French Fries vs Garlic Mashed Potatoes

take2Yep, you know exactly where this is going… or at least, where it’s been. I posted a blog about a little writer rant the hippie and I were having. It started here, in my blog. Moved to hippie’s response. Was crossposted to facebook and my message board, and then cross-posted again by della in her blog and her facebook. It made the rounds. It got a lot of comments.

And then it reared its ugly head again in the garage. It started normal enough. We discussed the comments that came in and realized that some people may have misunderstood the argument. So before we go any further, let’s clarify, for the hippie’s and my sanity, and for all of you. The argument…

With the combination of self-publishing, e-books and Hollywood’s hunger for the next Harry Potter, anyone can be published—note, I didn’t say anyone can be a writer. I’ve been told informed, only other writers will complain, or even notice, if it’s less than par but selling more copies that Gutenberg. Poorly written books that have enough sex and explosions will be published—and possibly made into a movie. In short, the public doesn’t care about gerunds or semicolons. That’s a fact. It doesn’t matter if it needs to be edited to hell and back, that takes time and money, and the public will eat it up if we just wrap it in this pretty box and write a jingle to go with it (cue the universal humming of “two all beef patties, special sauce, lettuce, cheese…”). I’m not saying the stories are bad, some are quite good—if you can get through the typos and grammatical errors and suicidal punctuation. I’m saying the race to finish and get it to the public sometimes leaves the language behind.

Hippie and I often peek into each other’s books—meaning, if he’s reading something, I may grab it and flip a few pages. It’s kinda fun and usually leads to discussion and the other reading it. I had plenty of comments on the one I’m currently reading, which he had first. He loved it. I’m struggling with the language. It’s a big mac pretending to be a filet. It’s got big science and grand ideas, surreal places and interesting characters. But it’s also written in a strange choppy fashion that could have seriously used an editor. His current book, which I peeked in earlier today for the second time, is the opposite. It’s a filet trying to pass itself off as a big mac. The prose is well done, grammatically and artistically. It’s literature, not genre. But its spine, its cover, its publisher all say it’s genre. Sometimes the line between big mac and filet get blurred. Great writing, bad story=big mac. Cheesy story, good writing=big mac. Opposites are filets. Bad, bad = purchased by editor that thinks the back of cereal boxes are brilliant. And then occasionally, there are those big macs that fall under that category based solely on the use of tropes, overused hot topics, etc.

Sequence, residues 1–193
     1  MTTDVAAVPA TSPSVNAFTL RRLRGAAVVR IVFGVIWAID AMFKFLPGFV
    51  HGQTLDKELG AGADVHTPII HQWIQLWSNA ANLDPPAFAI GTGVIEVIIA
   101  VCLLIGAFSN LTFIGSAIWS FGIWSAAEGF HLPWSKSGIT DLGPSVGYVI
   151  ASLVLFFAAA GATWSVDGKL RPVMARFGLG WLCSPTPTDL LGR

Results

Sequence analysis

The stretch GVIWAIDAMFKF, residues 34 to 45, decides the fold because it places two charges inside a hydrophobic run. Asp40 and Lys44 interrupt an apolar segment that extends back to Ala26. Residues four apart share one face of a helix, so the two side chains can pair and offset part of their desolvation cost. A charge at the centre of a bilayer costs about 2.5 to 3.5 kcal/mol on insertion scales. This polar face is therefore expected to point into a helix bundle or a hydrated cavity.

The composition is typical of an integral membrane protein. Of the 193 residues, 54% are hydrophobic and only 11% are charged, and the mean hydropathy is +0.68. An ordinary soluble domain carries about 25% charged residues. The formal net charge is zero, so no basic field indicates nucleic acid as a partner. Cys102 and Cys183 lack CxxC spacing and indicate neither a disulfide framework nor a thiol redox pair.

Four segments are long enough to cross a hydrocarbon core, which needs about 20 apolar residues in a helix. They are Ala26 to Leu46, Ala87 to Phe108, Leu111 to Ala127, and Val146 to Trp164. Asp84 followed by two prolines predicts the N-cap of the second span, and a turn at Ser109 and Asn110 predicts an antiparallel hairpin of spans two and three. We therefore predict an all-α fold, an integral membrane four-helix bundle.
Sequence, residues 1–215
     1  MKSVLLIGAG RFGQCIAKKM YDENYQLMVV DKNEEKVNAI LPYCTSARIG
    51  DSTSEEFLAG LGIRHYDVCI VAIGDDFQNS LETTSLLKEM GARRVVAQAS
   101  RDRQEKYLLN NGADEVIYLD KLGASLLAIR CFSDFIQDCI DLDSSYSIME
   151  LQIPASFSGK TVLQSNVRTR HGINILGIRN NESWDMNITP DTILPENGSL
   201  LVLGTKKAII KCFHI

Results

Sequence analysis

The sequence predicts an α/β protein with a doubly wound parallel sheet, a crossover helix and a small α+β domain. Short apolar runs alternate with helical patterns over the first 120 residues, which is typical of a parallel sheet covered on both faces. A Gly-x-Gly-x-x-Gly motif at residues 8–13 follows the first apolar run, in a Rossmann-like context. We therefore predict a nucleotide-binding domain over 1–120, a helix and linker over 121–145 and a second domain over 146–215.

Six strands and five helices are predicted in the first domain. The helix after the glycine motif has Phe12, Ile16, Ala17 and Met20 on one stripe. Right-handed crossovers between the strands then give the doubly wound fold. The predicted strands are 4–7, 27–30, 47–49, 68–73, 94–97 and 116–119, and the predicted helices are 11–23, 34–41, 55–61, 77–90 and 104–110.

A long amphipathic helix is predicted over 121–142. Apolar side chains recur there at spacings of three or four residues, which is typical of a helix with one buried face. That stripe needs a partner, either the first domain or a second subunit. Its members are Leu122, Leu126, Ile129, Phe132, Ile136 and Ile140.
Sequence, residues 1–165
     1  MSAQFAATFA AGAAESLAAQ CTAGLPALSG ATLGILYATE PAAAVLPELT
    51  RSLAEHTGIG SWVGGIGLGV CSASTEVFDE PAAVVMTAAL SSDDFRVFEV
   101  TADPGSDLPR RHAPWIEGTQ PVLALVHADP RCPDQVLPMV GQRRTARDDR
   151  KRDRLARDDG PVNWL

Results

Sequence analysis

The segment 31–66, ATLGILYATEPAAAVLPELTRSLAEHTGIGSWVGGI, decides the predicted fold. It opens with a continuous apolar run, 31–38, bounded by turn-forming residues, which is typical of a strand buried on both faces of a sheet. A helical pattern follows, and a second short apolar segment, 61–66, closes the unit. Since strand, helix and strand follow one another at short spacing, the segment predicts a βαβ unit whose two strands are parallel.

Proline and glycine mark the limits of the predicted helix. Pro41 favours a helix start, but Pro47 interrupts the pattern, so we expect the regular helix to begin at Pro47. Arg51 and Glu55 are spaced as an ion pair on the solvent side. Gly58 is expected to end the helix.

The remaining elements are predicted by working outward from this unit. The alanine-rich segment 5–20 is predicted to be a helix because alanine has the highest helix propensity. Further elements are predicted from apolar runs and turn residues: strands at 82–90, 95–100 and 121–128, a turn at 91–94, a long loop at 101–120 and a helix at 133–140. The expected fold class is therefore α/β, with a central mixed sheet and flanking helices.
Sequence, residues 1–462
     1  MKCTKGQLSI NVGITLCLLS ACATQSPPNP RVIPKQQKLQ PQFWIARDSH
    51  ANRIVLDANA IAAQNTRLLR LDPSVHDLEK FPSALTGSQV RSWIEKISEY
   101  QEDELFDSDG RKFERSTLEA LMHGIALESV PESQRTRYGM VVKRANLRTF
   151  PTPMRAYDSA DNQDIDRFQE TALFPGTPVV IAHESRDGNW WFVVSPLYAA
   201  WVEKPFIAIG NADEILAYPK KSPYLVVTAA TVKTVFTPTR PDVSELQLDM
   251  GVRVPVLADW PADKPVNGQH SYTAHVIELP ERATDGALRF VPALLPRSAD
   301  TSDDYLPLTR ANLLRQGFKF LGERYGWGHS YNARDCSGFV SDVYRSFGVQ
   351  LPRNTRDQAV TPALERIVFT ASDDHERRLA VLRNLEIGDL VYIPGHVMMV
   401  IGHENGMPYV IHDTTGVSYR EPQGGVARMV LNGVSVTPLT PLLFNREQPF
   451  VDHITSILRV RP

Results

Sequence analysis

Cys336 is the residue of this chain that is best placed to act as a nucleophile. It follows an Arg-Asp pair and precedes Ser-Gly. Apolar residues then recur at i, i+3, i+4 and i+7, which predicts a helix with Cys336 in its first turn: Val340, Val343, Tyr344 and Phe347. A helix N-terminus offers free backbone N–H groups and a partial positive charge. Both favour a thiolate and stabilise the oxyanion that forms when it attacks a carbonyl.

In the first episode of this particular Garage Rants by Kelbert™, I said I would not write a big mac. I repeated it like a mantra. I swore to the stars and the moon and my muse that we’d never do that.

I lied.

The big mac argument continued, still continues. We’ve shared and ranted anew with friends as they enter the demilitarized zone, er, garage. We throw snarky comments at the other regarding big macs whenever possible. And then, on a fateful visit to the in-likes, we brought it up again. And, in front of his parents, he dared me. We made a bet. We would both write big macs. We would hop on the trope train. And we would race to the finish line.

I don’t know what they put in my coffee that day, but I agreed. He’s writing werewolves. I’m writing vampires.

Yes, vampires.

Me. She who has done countless panels and blogs begging writers to stop writing vampires and zombies (which I’m also writing, but in short story format). Strangely, much as I can feel bits of my soul dying as I do this, I’m actually kind of digging the way the vamps are rolling. There’s a good  storyline and a complex structure. It may be a big mac trope, but it’s got plot and character arcs and punctuation, damn it.

In the blurred line that is big macs, we know that neither of us will be able to write poorly on purpose. The grammar and punctuation will be correct, the words will be apropos and pretty. As we are both prone to do, his werewolves are smelling like metaphorland. My vamps are less metaphor and more social commentary. But the moral to the story? They’re big macs. There’s no fooling ourselves. They will be well written, but there may be cheese. And of course, tropes comes with their very own jingle.

I’m in three anthologies this year. I have a novel coming out this winter, two short stories and two novellas coming up, and an article this fall. And the next thing I’ll have to add to that list will be a vampire novel the likes of which no McDonald’s has seen before.

Wish me luck. I may go quiet. After all, this is a race, and I don’t know how to play not to win. Plus, I’ve always been a sucker for a dare… and he knew that!

0 Responses to French Fries vs Garlic Mashed Potatoes

  • Kevin Lucia says:

    I see your Big Macs and I’ll raise you two Quarter Pounders: I desperately someday want to write a media tie-in novel for one of the following franchises:

    Buffy the Vampire Slayer
    Angel
    Supernatural
    Star Wars

    Enough cheese for everyone there, I think…

  • wolfnoma says:

    Good luck and um, Kelli? Why do my arteries feel as if they are hardening as I type this?

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